CLINTON, Mo. — Missouri Governor Mike Parson declared a state of emergency Friday in response to the spread of the novel coronavirus, and one of the state’s two new cases is a patient who was hospitalized at Golden Valley Memorial Hospital in Clinton.
With another presumptive positive case in St. Louis County, Missouri now has four cases. The state has tested a total of 94 people.
The Missouri Department of Health and Senior Services says the patient who was at Golden Valley was transferred to another facility on March 8. They’re still at that facility, but it isn’t named in a news release.
Golden Valley is now on diversion for emergency services and has been advised to not admit new patients. The Henry County Health Center is treating the presumptive case as positive and following CDC guidelines as it awaits confirmation. Patients and visitors to the hospital will be contacted by public health officials as available information warrants.
“We are working closely with our state partners as well as our local hospital to quickly identify and respond to anyone who may need to self-isolate due to close contact with this individual,” Peggy Bowles, administrator of the Henry County Health Center, stated in the release. “It is vital that we act quickly with protective measures.”
The other new case is a St. Louis County resident in their 50s. Their case is believed to be related to domestic travel, Parson said in a statement.
At a Friday news conference, Parson said he considered declaring the state of emergency “the next appropriate step to protect the public health” and stressed the move was not made because of concerns that the state’s health care system is overwhelmed or unprepared.
“The primary purpose of this emergency declaration is to provide greater flexibility in allocating our state resources, not because the local health providers feel they are overwhelmed,” Parson told reporters in his Capitol office.
Declaring a state of emergency gives Parson the ability to tap into about $7 million of state disaster funds, which he said can be used for coronavirus response efforts.
Parson also said he did not intend to close the state’s schools, as Illinois Gov. J.B. Pritzker did on Friday. Parson said school districts should seek guidance from local health officials in deciding whether to close schools.
However, the University of Missouri System announced in a Friday statement that in-person classes have been suspended for the rest of the spring semester at the system’s flagship campus in Columbia and its three other campuses in Kansas City, St. Louis and Rolla. Campus housing, dining halls, libraries and broadband internet will remain available to students, the statement said.
Also on Friday, St. Louis County Executive Sam Page, who is a physician, banned all events in the county attended by more than 250 people amid a flurry of closures of athletic events, parades and even church services.
Meanwhile, a Missouri health department spokeswoman said the agency is working to fix a glitch with a hotline the state set up to answer questions about the virus. Calls to the hotline from out-of-state numbers wouldn’t go through as of Friday afternoon.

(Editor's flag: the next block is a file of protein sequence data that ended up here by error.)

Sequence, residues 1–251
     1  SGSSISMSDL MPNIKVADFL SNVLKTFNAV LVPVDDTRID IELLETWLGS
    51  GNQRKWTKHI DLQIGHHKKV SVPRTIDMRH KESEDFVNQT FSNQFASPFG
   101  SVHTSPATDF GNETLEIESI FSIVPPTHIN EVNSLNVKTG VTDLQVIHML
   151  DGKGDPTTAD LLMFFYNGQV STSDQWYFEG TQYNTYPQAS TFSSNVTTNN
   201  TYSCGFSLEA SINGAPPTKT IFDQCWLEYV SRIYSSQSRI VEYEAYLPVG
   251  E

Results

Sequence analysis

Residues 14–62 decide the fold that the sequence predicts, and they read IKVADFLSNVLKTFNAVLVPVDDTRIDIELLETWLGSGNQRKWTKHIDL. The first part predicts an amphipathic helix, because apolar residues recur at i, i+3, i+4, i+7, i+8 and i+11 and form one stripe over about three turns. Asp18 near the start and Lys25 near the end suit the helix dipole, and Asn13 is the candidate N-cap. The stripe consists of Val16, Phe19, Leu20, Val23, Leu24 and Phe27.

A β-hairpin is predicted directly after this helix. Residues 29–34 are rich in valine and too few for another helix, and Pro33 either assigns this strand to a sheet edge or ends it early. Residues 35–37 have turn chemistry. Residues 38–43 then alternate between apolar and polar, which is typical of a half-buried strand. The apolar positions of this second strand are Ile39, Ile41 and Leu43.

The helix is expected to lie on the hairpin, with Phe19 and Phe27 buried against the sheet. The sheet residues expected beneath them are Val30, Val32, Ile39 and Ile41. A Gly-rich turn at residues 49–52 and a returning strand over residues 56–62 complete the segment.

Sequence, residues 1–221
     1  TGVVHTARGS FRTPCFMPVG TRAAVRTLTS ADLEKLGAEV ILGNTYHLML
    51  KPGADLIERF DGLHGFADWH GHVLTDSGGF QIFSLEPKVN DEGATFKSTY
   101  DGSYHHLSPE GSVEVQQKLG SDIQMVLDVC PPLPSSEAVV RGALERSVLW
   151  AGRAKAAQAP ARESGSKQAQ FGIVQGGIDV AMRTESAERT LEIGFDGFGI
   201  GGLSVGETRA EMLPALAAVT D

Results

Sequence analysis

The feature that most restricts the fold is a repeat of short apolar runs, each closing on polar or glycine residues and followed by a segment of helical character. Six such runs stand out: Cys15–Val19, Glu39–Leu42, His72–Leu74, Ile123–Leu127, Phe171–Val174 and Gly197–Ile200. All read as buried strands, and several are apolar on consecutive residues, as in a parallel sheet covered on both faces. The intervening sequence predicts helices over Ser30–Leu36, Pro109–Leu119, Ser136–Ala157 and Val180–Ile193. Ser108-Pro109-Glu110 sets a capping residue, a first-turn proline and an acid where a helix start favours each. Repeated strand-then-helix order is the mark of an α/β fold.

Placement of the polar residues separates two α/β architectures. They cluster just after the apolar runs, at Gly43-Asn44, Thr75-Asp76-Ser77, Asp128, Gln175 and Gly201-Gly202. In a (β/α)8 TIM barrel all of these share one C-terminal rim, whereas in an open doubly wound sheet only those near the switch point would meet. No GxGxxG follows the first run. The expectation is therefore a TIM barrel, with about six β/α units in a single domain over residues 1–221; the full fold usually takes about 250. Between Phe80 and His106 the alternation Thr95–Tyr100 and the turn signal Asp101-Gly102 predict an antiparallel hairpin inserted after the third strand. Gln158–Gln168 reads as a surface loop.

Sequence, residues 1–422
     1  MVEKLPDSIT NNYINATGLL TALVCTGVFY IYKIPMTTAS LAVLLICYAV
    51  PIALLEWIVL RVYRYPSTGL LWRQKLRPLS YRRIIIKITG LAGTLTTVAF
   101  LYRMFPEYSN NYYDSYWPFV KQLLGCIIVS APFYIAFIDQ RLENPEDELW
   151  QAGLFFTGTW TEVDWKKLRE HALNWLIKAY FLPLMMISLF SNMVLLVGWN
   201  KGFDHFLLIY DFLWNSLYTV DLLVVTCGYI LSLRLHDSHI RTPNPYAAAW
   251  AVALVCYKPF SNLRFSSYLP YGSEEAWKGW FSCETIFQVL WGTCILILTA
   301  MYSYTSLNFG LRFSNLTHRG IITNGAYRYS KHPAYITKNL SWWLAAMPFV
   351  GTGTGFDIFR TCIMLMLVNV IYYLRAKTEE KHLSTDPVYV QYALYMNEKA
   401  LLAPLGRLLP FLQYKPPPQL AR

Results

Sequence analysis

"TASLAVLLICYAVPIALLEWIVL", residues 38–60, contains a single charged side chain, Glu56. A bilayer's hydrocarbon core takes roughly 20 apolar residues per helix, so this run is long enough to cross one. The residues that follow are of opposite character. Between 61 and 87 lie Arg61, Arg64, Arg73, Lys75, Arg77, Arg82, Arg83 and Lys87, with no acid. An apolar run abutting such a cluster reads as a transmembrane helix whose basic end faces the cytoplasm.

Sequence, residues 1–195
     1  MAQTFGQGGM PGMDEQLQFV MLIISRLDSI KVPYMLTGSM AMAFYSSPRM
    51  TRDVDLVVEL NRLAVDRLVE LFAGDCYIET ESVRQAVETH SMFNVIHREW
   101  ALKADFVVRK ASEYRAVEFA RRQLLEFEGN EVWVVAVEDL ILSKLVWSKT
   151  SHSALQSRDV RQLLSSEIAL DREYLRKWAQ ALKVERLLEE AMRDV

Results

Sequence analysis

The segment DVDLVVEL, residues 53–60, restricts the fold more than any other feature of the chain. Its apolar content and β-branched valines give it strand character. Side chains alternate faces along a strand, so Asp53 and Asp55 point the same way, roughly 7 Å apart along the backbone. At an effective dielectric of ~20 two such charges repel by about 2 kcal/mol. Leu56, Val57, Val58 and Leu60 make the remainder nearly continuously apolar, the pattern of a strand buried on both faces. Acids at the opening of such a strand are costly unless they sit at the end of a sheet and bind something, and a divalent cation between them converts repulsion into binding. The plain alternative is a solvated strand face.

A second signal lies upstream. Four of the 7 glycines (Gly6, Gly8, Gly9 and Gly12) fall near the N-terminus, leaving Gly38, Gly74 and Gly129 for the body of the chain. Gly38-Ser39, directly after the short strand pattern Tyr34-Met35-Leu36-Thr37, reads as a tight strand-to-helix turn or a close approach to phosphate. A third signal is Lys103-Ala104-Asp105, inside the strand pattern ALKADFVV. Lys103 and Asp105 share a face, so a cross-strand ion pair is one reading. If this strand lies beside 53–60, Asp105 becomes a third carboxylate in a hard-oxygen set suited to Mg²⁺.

Missouri’s first confirmed case of COVID-19 was a St. Louis-area woman in her 20s who had been studying in Italy and tested positive for the coronavirus last week after returning home.
The state’s second case is a person in their early 20s who had recently traveled to Austria, Parson said Thursday. The patient was tested at a clinic in Springfield, is quarantined at home with mild symptoms and is expected to recover, Parson said.
Parson on Friday said the state is working out agreements to allow Washington University and the University of Missouri to conduct coronavirus tests and expand the state’s testing capacity.
The World Health Organization has labelled the coronavirus a pandemic and President Donald Trump has declared a national emergency.
For most people, the new coronavirus causes only mild or moderate symptoms, such as fever and cough. For some, especially older adults and people with existing health problems, it can cause more severe illness, including pneumonia.
The vast majority of people recover from the new virus. According to the WHO, people with mild illness recover in about two weeks, while those with more severe illness may take three to six weeks to recover.
Kansas City and St. Louis have banned all public events with more than 1,000 attendees. St. Patrick’s Day parades in Kansas City, St. Louis and Springfield have been canceled. Six Flags St. Louis announced that it has suspended operation until at least the end of March.
Meanwhile, the Department of Corrections announced Thursday that Missouri’s 20 state-run prisons will be closed to visitors, with the exception of attorneys, for the next 30 days. Parson on Friday said the Department of Mental Health and Missouri veterans’ homes also are restricting visitors.
St. Louis Circuit Court suspended all jury trials through April 13 and walk-in weddings at the county courthouse on Friday afternoons will be suspended on March 30 and April 3.
Entertainment venues in Kansas City and St. Louis also announced closings or cancellations for the next few weeks. The Nelson-Atkins Museum of Arts in Kansas City will be closed Saturday through April 3 and the Kauffman Center for the Performing Arts said it will postpone all events through April 1. Also, the St. Louis Art Museum and Contemporary Art Museum will remain open but are canceling tours, special events and lectures starting Sunday through April 30.
Churches also were calling off services, including the Church of the Resurrection, which has the largest Methodist congregation in the U.S. with over 20,000 members. The megachurch’s main campus is in Leawood, Kansas, but it has campuses on the Missouri side of the line.